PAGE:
Here's a video about Palau in the early days of independence and the concerns for protection of fishing stock in Palau waters. Back then, I was about to join the newly formed Embassy of the Republic of Palau in Washington, DC. I recall the conversations I had with other Palauans about overfishing and ongoing damage to the coral reefs. Since that time, the the President and Palauan government have launched a bold campaign that has inspired a global movement for preservation of islands and coral reefs.
Green mounds only a few metres apart rise out of the glassy, blue sea. Under the water, fluorescent fish dart through strands of orange corral. The island of Palau is a paradise on earth. It has been voted number one wonder of the underwater world. But all this beauty faces the threat of rampant tourism. Since independence in 1994, the people of Palau are seeking to replace US funding with revenue from an ever expanding tourist trade. Although, such economic growth will generate jobs, there is great concern for the environment.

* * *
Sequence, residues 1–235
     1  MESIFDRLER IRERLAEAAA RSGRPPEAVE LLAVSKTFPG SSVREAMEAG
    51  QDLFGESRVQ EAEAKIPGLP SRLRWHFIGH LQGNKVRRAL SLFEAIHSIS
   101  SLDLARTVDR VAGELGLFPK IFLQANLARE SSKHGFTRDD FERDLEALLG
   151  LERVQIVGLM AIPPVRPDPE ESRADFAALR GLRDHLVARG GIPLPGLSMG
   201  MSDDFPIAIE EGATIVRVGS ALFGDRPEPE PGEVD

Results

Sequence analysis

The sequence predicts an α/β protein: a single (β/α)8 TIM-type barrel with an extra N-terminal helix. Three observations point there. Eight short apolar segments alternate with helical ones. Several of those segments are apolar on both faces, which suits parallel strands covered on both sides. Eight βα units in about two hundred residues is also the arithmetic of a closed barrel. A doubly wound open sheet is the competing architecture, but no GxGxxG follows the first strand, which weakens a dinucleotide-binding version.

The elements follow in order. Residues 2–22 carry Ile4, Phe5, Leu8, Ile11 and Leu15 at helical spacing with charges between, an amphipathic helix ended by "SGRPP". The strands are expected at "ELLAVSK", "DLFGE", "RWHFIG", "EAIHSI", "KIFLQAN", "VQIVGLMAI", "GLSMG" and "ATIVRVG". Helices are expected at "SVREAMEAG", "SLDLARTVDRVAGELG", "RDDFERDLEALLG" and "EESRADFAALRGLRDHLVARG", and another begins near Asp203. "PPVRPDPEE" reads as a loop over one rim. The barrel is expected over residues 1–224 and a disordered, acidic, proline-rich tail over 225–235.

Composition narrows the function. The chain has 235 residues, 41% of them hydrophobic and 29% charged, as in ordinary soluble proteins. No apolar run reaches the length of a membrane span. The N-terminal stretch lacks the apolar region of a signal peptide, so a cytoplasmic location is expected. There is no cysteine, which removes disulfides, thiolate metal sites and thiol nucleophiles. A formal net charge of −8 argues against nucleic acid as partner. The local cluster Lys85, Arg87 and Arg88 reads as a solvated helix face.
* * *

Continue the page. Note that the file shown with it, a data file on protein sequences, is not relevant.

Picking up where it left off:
Palau's second industry, fishing, is also making an impact. As giant tunas are lifted by cranes from the fishing boats, conservationist Noah Idechong is acting to safeguard fishing stock. He has persuaded local chiefs to reinstate the "bul", an ancient law which bans fishing in major breeding grounds. In revitalising traditional customs, he has the support of Palau's vice president, Tommy Remengesau. There is hope that this young nation will mature with its environment and its cultural identity intact.